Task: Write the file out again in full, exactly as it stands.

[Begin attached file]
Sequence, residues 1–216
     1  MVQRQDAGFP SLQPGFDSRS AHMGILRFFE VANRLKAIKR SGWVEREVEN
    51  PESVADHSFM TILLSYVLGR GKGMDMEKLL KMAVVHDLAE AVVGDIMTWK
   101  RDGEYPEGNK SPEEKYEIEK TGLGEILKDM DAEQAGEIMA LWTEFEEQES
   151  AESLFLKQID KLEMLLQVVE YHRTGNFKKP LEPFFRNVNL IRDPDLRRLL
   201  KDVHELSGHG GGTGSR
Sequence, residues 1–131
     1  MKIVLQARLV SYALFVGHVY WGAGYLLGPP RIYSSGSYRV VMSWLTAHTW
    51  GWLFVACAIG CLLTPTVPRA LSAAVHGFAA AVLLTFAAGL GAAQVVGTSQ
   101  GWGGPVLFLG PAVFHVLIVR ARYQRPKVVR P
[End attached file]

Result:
Sequence, residues 1–216
     1  MVQRQDAGFP SLQPGFDSRS AHMGILRFFE VANRLKAIKR SGWVEREVEN
    51  PESVADHSFM TILLSYVLGR GKGMDMEKLL KMAVVHDLAE AVVGDIMTWK
   101  RDGEYPEGNK SPEEKYEIEK TGLGEILKDM DAEQAGEIMA LWTEFEEQES
   151  AESLFLKQID KLEMLLQVVE YHRTGNFKKP LEPFFRNVNL IRDPDLRRLL
   201  KDVHELSGHG GGTGSR
Sequence, residues 1–131
     1  MKIVLQARLV SYALFVGHVY WGAGYLLGPP RIYSSGSYRV VMSWLTAHTW
    51  GWLFVACAIG CLLTPTVPRA LSAAVHGFAA AVLLTFAAGL GAAQVVGTSQ
   101  GWGGPVLFLG PAVFHVLIVR ARYQRPKVVR P